Scotland: Highlands and Isle of Skye

What was intended to not be a day of driving turned into yet another day of driving.  We weighed our options and decided on heading out separately.  We would meet up at Eilean Donan Castle, regroup and make for the Isle of Skye.  On which we would drive a circular circuit going clockwise.

The drive to Eilean Donan was, again, incredibly lovely, through the Scottish highlands.  We drove right by Ben Nevis, at 4,409 feet it is the highest peak in the U.K.   The surrounding rocky range piercing the skyline.  The twisty roads are so well suited for a zippy sporty convertible.  I have to repeat the phrase that while driving through such an amazing landscape, the journey really is the destination.

Eilean Donan Castle was interesting, it stands on an island where three lochs meet.  The site has been occupied for 1500 years or so with the first fortified building erected in 13th century.  It has a long and colorful history and is the seat of the clan MacCrae.  It wasn’t the best castle we’ve visited, but there were certainly details of it that I loved.  All the built in window seats overlooking the mountains and water.  Each room had it’s own little fireplace.  And there were just so many little nooks and crannies to explore.

What I found most interesting was that as you walked through the rooms, with all the family photos on the walls and sitting on furniture, you really felt like you were in someone’s home.  Suzanne commented that it was like going through an “open house” of a property for sale.  I had to ask about the photos, who they were.  The room guard/guide explained that they were photos of the current owner’s family.  The matriarch, a MacCrae pictured in an oil painting above the fire place in the room, had five daughters, 20 grandchildren and two great-grandchildren.

The castle was the family home until the mid 1980’s.  They occasionally opened it’s doors to visitors from time to time.  But when it became obvious that the property would be more suited as a historic tourist attraction, the family moved into the servent quarters.  The castle is still used frequently for family gatherings, the matriarch will be celebrating her 80th birthday there next month and her oldest daughter recently turned 50.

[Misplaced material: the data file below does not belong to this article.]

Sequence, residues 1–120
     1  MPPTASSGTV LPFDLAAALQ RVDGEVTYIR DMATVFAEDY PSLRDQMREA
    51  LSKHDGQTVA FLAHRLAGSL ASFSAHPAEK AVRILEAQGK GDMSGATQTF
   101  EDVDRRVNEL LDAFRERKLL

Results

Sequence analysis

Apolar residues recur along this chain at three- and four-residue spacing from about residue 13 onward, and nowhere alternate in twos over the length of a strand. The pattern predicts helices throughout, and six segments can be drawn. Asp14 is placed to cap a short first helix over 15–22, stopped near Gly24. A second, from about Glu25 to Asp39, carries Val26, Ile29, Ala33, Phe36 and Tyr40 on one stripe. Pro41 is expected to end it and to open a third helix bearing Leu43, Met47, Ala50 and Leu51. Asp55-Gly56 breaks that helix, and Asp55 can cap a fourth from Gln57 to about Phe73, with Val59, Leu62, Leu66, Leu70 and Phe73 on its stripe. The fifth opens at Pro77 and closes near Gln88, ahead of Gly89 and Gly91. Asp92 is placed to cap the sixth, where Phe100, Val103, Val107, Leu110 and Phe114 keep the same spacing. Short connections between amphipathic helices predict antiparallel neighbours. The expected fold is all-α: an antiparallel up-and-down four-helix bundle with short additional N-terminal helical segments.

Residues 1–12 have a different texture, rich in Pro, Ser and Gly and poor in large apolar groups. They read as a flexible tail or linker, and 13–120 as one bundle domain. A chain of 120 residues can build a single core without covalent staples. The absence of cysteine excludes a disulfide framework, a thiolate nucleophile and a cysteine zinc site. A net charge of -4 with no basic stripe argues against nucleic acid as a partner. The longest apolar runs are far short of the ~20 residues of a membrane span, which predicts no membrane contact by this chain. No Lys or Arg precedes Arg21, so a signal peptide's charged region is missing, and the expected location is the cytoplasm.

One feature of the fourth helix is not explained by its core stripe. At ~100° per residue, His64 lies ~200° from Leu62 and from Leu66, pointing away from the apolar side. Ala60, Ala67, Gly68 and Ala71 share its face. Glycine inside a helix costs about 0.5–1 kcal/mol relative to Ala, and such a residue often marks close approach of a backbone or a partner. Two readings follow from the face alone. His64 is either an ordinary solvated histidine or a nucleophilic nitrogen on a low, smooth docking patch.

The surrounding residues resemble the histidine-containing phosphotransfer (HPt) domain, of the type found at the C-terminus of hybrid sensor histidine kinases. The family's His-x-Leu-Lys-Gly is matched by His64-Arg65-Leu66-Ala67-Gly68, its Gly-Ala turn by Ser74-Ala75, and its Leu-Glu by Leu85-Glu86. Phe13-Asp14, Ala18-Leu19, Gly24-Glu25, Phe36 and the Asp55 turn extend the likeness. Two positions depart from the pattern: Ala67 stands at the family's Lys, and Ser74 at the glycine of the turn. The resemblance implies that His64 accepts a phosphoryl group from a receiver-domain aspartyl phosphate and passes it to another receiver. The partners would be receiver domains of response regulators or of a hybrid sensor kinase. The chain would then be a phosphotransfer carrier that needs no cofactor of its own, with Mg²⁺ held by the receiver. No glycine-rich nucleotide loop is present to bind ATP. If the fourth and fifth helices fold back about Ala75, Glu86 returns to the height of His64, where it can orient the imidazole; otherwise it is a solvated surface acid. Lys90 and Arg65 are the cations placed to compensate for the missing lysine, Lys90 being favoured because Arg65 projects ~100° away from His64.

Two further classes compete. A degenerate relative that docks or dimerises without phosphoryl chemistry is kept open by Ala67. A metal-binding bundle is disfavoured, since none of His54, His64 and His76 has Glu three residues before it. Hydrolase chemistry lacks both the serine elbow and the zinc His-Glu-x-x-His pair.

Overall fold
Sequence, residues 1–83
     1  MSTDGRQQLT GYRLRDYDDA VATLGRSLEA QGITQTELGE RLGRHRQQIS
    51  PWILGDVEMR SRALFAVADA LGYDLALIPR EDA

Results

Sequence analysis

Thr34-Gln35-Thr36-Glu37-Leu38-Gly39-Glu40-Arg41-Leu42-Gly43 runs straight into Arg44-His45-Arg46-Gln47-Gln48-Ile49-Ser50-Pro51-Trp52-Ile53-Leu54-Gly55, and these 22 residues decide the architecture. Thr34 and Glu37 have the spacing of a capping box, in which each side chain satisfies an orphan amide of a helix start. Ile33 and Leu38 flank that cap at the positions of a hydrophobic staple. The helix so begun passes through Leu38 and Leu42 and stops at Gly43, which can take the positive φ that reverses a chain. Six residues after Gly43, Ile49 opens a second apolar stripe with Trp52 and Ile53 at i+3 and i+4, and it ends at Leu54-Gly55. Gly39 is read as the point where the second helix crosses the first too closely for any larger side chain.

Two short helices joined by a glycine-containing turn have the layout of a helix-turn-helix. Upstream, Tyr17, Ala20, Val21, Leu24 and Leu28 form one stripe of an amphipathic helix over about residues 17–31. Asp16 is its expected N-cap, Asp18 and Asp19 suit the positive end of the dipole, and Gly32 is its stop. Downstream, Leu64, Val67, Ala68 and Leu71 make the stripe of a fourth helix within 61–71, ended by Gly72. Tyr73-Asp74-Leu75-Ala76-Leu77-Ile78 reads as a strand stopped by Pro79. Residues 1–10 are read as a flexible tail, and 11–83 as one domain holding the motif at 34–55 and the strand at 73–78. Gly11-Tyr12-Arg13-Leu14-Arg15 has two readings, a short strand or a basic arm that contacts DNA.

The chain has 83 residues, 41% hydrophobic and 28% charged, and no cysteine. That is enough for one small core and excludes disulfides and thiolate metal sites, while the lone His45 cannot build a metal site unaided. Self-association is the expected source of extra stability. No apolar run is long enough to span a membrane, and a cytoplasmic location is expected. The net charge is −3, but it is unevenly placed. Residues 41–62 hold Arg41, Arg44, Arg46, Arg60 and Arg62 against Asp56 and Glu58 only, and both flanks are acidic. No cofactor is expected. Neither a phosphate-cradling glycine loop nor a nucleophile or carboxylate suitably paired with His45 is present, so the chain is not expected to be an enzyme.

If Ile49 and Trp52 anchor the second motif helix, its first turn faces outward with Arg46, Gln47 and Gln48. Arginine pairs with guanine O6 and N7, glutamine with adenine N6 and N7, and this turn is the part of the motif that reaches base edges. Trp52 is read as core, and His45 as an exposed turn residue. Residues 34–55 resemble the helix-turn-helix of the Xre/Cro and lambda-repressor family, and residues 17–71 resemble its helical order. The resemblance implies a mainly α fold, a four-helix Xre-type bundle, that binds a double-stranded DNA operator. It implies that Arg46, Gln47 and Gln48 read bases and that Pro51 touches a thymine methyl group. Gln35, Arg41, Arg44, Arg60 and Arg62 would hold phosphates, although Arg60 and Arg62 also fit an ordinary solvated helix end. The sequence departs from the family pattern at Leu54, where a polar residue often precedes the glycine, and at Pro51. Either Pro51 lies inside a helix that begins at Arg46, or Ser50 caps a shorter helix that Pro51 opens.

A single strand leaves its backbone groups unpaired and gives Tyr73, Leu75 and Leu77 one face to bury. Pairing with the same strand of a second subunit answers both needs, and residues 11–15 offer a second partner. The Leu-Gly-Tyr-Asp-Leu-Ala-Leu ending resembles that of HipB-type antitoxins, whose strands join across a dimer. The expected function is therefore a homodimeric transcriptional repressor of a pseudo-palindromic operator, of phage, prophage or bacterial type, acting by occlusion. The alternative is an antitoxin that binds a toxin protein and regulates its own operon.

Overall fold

We refueled with some soup and bread. Although I was curious about the Cullin Skink that was on the menu, my imagination was telling me it was probably something awful.  On the road again, we reached the Isle of Skye.  It was different.  Different scenery.  Flatter.  We stoppd a while to commune with the sheep.  Which made me wonder about a few statistics.  There are a lot of sheep, I mean A LOT of sheep on the Isle.  The general population of sheep is high across the whole of the U.K. but on Skye, it just seemed inordinately high.  I’m wondering about the ratio of sheep to people on this island.

The whole place,  at least the north west region we circuited, seemed rather barren.  I started also wondering what the species diversity overall was for the island (I need to look up some checklists for these statistics).   This apparent barrenness combined with the widespread large scale clear cutting of the pine trees was making me a little depressed.   Fields chewed to the nub and swaths of recently cut tree stumps does not paint the best picture of the island.  We decided we like the main land better and made the executive decision to head back to the mainland, where it was prettier, cutting our loop short.  It was the right thing to do.  We were able to get back to Glencoe relatively early and relax over dinner (and another football game, this time between two teams from Scotland).